On Old Mount Road the nearer she gets
the smaller she shrinks, until you reach out
to carry her home on the flat of your hand
or your fingertip, and she doesn’t exist.
One of Armitage’s key word choices is ‘nurses’, a strange verb that becomes the pivot for Chingonyi’s speaker to recall his mother at the ‘Guy’s and St Thomas’s’ hospitals in London.
How can I set down
the passage of time? Who knew a face
becomes less and less distinct
the longer it no longer exists?
How to lift this mist
from my eyes, that I might see
this concrete and glass
for what it is and stop
writing my mother into it
that I might let her walk away
becoming smaller and smaller
until she disappears.
In Armitage’s ‘Camera Obscura’, the poem ends with the mother trodden down by old age and the petty labour of putting food on the table. Chingonyi’s poem is about another kind of non-existence, an HIV infection that brings about the mother’s physical death as well as a social one. The collection’s title, A Blood Condition, refers to the speaker’s historical inheritances and, euphemistically, to illness. While Armitage’s mother is about to be cradled in a warm palm, the mother in Chingonyi’s work is surrounded by harsh ‘concrete and glass’, manmade materials that pull us out of the nostalgia-tinged English village and into the hard architecture by London Bridge, where countless other women ‘of a certain height – / hair plaited neat’ commute to work.
Plaits can symbolise generational care – a parent braiding a child’s hair – and also recall HIV’s double-wound strands of RNA. These welcome and unwelcome family inheritances form the backdrop of Chingonyi’s collection, which begins in Zambia, where in 2018 the female rate of HIV was 14 percent, twice that of male counterparts. In an interview with Five Dials, Chingonyi speaks of how Zambia and the virus are co-located in his writing terrain:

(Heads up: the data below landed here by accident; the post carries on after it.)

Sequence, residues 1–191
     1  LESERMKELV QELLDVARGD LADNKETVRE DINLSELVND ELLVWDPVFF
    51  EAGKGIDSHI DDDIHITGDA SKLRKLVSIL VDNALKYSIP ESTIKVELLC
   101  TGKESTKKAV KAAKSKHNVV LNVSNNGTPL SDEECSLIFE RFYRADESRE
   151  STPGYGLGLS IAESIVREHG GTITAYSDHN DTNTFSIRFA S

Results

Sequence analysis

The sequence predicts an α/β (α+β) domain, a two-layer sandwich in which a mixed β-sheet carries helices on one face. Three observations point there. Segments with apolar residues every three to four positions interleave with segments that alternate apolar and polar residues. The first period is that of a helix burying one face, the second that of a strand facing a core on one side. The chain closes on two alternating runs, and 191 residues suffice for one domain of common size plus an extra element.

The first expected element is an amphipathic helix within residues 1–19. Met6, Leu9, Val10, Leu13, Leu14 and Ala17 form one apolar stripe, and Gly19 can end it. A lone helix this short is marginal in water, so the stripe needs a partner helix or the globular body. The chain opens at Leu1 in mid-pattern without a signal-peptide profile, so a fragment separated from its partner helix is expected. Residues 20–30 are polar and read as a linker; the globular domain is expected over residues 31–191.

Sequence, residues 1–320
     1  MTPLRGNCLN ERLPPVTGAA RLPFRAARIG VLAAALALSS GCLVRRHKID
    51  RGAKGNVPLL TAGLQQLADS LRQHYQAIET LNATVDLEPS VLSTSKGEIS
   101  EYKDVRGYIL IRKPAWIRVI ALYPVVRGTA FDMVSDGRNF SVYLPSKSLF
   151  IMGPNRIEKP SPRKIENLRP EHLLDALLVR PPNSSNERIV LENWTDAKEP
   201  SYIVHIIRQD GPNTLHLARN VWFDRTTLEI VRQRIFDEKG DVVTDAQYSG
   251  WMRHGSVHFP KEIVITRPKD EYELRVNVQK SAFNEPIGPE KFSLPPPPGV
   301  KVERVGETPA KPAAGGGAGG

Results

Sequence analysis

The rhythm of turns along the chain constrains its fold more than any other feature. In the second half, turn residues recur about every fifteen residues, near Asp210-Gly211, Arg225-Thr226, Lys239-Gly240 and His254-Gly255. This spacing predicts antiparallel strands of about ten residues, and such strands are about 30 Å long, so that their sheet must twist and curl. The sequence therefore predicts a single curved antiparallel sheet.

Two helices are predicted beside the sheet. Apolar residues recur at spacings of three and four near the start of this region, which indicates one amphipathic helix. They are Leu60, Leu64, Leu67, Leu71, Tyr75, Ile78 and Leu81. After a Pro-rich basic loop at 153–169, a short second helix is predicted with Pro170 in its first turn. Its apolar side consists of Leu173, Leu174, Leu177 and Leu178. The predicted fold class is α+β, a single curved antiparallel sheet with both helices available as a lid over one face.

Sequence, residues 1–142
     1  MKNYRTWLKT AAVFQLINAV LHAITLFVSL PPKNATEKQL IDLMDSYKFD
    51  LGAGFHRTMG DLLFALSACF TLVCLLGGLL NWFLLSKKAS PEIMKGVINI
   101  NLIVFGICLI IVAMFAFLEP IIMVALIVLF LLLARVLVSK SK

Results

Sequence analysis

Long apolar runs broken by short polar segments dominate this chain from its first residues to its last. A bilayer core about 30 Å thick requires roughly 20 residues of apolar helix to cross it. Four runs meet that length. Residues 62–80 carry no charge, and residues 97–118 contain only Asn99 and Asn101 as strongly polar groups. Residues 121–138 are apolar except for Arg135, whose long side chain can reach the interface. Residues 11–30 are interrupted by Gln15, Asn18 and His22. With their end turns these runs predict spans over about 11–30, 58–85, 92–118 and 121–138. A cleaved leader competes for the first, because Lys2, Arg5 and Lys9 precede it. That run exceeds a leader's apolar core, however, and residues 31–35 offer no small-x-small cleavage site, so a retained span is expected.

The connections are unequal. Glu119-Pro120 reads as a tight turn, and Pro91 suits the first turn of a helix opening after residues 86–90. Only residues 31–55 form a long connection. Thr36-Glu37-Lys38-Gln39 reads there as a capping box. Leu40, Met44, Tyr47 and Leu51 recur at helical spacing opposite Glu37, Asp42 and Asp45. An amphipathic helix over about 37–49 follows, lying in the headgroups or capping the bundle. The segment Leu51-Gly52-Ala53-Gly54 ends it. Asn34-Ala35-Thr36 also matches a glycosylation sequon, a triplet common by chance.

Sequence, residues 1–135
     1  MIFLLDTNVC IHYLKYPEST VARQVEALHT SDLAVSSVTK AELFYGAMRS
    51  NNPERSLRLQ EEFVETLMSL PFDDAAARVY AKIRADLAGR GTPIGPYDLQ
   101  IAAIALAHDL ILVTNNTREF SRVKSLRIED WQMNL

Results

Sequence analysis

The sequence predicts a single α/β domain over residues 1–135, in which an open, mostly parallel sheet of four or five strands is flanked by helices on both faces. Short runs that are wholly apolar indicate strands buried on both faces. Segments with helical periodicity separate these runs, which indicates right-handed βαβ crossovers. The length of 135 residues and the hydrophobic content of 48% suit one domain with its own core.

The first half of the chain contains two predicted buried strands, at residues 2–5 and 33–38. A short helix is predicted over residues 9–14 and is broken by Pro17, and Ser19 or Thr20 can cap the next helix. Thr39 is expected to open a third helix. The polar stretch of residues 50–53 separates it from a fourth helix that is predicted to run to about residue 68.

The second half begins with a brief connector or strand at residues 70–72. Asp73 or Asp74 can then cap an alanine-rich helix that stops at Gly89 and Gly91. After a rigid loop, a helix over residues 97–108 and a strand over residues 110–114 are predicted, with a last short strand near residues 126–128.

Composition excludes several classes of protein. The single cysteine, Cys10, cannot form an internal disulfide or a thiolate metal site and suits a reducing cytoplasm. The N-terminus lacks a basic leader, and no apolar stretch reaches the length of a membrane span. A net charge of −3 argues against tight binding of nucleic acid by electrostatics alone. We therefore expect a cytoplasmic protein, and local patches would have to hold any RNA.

It’s a source of national grief in Zambia because there’s no family untouched by the virus. And my family is no different. So I suppose I was always going to write about it if I was going to delve into inheritance and talk more directly about my Zambian-ness.
That plaited inheritance is expressed in ‘Origin Myth’, a sonnet crown starting in the year 1920, the year a strain of HIV emerged in what was then the Belgian Congo. The form of the crown, with end lines that are repeated and often slightly skewed in the opening of each subsequent sonnet, is a natural fit for a migrating and mutating virus; Danez Smith used the form for their 2017 HIV sequence, ‘crown,’ which bleeds red with fruit, a robin, a wagon. The force of a single line in dictating each sonnet’s direction mirrors the power of a 100-nanometer sphere to determine a person’s life.
While Smith’s crown is fluid, careening without capital letters across surreal images in poems separated by small double slashes (visual reminders of those double strands, that cleft), Chingonyi’s crown remains more formal, with titles for each sonnet and more grounded scenes, like ‘The lobby of a Shoreditch hotel’ (‘Viral’). With its full punctuation and comfortingly solid historical dates, Chingonyi’s work attempts to corral the virus into a comprehensible narrative, an impossible task. The most memorable lines come in the closing couplets, where the compactness of the rhyme pushes the poem into less narrative territory. In ‘Erykah’, we see the virus’s invisibility (‘every confidence trickster has a tell; / the nucleus of an infected cell’); in ‘Viral’, we fear for people mixing together (‘The dancers heave and swell, in search of thrills, / like droplets moistening a windowsill’). Unlike Smith, Chingonyi also employs rhyme outside the end couplets, shifting between different patterns in the way the virus morphs with each iteration. These rhymes, which emphasise the end of each line, slow the forward propulsion of the poem and lend the gravity of a textbook or a pulpit oration.
The result is the blending of two inheritances – the English lyric and historical reality – but not their reconciliation. The sequence closes as it begins, with the year 1920, reminding us, a century on, that history is always beginning again. Chingonyi and Bukhari’s collections traverse a third road for poets, one where daffodils bloom to be used as ashtrays, the dust of language lingering in their coronas.